Part One – The Edge of History
In this part we are introduced to the Sumerian king list and the start of their civilization, in essence, how and why kingship was formed. The various floods stories are covered and how cities grew and formed after this event. Kings slowly earned the right to rule because of blood ties instead of based on their power and ability. We learn about the two kingdoms of Egypt and the unification of the two by Narmer (and possibly earlier by The Scorpion King). In India, around the Indus valley, villages grew into towns. The first king we know about is wise King Manu, however there are also warnings that the civilization would go into a strong decline. Around the Yellow and Yangtze Rivers in China, rice was planted, houses grew into villages, establishing four main cultures in the area. A number of kings invented helpful implements. There is also evidence that rule here was not dependent on bloodlines, as kingship could pass to peasants or by-pass direct lineage.
I am so enamoured of Susan Wise Bauer’s style of writing. Her prose perhaps lacks an academic finish yet it is so readable and she always inserts grains of interest that set certain historical events in the reader’s memory. Her thoughtful reasoning and dry wit also shine through with comments such as:
” …… historians too often tried to position themselves as scientists: searching for cold hard facts and dismissing any historical material which seemed to depart from the realities of Newton’s universe …….. But for the historian who concerns herself with the why and how of human behaviour, potsherds and the foundations of houses are of limited use. They give us no window into the soul. Epic tales, on the other hand, display the fears and hopes of the people who tell them —– and these are central to any explanation of their behaviour. Myth …….. is the “smoke of history.” You may have to fan at it a good deal before you get a glimpse of the flame beneath; but when you see smoke, it is wisest not to pretend that it isn’t there.”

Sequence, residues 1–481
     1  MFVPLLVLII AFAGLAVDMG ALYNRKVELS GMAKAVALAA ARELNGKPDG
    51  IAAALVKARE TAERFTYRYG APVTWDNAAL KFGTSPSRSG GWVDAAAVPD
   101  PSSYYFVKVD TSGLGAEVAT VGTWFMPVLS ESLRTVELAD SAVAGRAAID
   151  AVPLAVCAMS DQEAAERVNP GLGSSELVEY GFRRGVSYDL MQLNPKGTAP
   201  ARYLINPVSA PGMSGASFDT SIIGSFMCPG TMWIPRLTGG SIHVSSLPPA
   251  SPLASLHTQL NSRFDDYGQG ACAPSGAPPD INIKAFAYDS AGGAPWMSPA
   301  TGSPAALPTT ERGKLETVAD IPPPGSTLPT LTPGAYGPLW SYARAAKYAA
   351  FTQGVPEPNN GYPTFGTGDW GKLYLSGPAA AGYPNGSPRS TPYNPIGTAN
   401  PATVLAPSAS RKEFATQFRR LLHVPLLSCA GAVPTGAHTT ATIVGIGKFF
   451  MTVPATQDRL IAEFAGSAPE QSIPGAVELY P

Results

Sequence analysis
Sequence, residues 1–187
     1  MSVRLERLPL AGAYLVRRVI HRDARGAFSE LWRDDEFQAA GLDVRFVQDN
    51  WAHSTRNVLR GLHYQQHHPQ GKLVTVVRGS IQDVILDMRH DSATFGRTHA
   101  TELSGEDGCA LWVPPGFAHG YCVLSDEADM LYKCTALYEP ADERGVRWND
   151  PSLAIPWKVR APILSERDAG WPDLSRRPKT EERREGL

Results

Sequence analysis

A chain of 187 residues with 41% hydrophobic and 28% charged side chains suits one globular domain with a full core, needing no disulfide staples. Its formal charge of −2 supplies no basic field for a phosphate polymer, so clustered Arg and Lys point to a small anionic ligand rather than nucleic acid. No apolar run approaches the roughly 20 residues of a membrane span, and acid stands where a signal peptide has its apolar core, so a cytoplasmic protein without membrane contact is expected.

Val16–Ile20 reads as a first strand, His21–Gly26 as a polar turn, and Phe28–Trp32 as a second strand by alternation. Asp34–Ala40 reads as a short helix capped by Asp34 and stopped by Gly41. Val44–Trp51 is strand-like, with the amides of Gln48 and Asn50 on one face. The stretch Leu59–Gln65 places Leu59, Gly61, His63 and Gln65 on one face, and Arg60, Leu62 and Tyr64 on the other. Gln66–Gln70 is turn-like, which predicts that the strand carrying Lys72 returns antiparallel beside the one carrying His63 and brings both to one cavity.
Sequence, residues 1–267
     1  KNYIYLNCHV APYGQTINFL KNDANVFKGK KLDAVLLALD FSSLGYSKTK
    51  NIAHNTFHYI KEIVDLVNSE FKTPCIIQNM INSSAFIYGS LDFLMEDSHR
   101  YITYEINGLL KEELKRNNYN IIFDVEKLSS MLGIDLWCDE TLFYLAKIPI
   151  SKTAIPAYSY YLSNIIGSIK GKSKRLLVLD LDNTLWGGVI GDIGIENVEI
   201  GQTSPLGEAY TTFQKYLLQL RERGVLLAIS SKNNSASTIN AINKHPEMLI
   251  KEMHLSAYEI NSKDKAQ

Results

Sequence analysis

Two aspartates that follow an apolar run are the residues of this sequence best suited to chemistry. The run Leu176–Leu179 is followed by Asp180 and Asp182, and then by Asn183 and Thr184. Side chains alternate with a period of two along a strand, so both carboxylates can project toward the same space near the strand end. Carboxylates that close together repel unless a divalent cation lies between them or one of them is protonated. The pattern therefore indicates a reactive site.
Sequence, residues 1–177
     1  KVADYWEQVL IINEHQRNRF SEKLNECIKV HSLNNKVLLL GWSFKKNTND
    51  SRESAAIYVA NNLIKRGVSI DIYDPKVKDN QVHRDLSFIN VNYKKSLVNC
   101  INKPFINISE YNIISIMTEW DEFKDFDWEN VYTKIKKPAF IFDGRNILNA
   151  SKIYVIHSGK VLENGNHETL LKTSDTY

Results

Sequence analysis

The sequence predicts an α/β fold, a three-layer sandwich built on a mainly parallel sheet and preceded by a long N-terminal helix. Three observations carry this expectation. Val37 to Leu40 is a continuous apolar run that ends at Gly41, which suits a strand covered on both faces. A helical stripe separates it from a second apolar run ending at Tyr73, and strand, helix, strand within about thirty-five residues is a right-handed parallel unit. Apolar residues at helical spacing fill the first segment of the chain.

“…… In any case, we should remember that all histories of ancient times involve a great deal of speculation. Speculation anchored by physical evidence isn’t somehow, more reliable than speculation anchored by the stories that people choose to preserve and tell to their children. Every historian sorts through evidence, discards what seems irrelevant, and arranges the rest into a pattern. The evidence provided by ancient tales is no less important than the evidence left behind by merchants on a trade route. Both need to be collected, sifted, evaluated, and put to use. To concentrate on physical evidence to the exclusion of myth and story is to put all of our faith in the explanations for human behaviour in that which can be touched, smelled, seen, and weighed: it shows a mechanical view of human nature, and a blind faith in the methods of science to explain the mysteries of human behaviour.”
” …… I have chosen to use the traditional designations BC and AD for dates. I understand why many historians choose to use BCE and CE in an attempt to avoid seeing history from a Judeo-Christian point of view, but using BCE while still reckoning from Christ’s birth seems, to me, fairly pointless.”
So far, an excellent approach and a good overall execution! I am certainly taking notes!